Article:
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In the past four years Victoria students have been asked to complete a wellbeing survey. For the past three years, the number of students who report poor levels of emotional wellbeing has remained consistently at 45%. The survey is conducted about week six of trimester one (a stressful time!) and the results reveal paradoxically that these students are generally well engaged in daily academic life and their mood is generally positive BUT they are sleep deprived, highly stressed, and anxious. These last three states do not make for successful study.
I am often asked: “is there a mental health crisis among university students in NZ?” I believe there is, and an excellent US article has found some reasons for the spike in mental health issues among students: 1) Academic pressures and the high cost of failure; 2) financial burden; 3) Increasing dependence on technology, rather than learning to handle social pressures face to face; 4) Lifestyle imbalance of higher stress, less exercise, poor diet, plus increased use of alcohol and drugs as coping mechanisms. These factors seem just as true here in NZ.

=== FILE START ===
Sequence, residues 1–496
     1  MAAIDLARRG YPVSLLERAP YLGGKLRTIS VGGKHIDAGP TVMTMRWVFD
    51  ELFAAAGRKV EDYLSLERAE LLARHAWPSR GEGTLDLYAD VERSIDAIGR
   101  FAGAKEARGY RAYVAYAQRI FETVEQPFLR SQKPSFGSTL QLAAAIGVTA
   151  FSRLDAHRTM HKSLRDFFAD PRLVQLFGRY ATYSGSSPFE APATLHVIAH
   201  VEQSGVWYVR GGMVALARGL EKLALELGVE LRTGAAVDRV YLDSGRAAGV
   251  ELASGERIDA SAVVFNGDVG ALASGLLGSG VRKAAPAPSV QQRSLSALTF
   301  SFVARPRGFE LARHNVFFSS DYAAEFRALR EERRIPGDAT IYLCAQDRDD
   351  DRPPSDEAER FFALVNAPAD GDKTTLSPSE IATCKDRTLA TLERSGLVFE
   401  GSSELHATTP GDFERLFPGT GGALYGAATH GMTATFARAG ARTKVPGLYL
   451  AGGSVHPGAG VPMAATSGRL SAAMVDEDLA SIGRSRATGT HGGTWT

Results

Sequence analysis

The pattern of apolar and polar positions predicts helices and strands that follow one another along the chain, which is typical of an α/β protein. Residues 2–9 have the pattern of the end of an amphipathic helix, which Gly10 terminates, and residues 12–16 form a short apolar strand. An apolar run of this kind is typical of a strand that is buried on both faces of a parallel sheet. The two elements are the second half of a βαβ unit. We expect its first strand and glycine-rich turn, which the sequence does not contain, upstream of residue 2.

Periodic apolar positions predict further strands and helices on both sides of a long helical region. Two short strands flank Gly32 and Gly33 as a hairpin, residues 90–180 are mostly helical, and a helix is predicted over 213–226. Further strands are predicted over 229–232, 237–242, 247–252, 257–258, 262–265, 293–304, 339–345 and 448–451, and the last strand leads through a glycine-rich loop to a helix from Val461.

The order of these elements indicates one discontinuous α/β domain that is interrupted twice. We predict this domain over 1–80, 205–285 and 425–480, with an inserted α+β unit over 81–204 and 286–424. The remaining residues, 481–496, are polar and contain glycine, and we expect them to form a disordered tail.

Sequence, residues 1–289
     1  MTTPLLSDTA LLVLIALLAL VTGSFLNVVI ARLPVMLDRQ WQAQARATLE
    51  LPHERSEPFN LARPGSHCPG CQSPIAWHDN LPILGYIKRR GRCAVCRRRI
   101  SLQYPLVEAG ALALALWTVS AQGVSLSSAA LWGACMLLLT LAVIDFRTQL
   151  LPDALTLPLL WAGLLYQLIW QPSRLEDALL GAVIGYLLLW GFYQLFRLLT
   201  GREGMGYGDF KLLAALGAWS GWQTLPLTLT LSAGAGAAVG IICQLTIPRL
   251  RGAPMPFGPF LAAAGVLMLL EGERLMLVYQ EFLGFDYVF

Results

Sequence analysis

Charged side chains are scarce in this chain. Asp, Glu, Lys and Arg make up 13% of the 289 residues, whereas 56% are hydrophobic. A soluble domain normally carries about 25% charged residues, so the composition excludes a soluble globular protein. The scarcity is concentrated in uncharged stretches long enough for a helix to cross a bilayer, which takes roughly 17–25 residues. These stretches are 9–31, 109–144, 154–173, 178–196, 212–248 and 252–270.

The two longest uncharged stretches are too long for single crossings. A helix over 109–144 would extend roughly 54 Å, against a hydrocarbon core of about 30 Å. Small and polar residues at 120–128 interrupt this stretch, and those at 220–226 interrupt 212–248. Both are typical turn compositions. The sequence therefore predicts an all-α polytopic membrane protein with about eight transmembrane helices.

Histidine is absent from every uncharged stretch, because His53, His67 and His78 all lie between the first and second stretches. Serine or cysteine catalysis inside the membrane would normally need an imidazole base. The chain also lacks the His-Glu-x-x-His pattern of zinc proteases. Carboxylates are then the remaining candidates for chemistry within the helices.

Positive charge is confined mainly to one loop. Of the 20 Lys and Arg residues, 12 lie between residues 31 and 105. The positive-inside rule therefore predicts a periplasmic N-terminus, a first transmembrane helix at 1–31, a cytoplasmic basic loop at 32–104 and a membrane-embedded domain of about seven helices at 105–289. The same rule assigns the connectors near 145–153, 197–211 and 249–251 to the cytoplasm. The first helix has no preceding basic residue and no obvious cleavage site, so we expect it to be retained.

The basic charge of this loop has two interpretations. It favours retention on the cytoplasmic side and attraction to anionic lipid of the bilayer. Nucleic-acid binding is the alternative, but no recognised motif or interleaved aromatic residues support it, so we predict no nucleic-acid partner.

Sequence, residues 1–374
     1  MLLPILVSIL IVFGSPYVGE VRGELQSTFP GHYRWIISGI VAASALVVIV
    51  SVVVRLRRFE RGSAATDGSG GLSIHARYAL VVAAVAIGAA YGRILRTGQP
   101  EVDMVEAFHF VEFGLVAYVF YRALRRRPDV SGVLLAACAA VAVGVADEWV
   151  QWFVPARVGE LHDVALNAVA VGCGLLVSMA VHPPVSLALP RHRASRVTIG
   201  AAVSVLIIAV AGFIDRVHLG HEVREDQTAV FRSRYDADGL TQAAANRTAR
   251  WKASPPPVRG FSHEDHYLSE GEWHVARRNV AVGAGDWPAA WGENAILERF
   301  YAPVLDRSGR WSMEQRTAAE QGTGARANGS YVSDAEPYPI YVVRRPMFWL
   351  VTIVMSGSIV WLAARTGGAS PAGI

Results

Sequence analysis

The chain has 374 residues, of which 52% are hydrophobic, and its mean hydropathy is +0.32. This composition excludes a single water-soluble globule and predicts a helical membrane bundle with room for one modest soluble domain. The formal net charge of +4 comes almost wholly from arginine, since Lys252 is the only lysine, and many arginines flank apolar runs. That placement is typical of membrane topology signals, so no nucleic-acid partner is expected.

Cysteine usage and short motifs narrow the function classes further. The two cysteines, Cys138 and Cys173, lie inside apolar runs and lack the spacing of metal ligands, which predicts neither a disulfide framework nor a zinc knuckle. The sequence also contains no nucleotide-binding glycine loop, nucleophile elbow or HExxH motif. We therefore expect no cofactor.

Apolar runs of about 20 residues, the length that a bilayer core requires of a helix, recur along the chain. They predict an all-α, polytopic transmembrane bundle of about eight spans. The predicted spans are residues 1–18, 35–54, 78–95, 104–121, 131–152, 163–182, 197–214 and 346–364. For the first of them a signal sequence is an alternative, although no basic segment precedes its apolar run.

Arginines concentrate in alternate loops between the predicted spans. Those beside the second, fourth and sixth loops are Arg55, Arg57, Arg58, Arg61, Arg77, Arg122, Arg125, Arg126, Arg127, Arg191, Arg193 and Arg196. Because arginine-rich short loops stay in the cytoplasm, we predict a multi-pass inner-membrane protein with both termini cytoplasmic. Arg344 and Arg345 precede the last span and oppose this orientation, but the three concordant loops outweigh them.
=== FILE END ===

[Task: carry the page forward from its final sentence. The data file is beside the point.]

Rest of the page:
So how should we at Victoria respond to serious concerns about student wellbeing? For a start, we know that frontline health and counselling services remain in high demand and waiting times are always an issue. We also have to focus on wellbeing promotion and education to create a culture of wellbeing and care (that everyone buys into and that allows us all to prioritise our wellbeing) and to support students and staff to be more resilient and build skills in stress management and positive coping.
I encourage you to not be ashamed about being human and at times being overwhelmed and anxious. Our community should normalise not pathologise this. Let me know if you have a great idea about how we can achieve this.
— Gerard Hoffman (Manager, Student Counselling Service)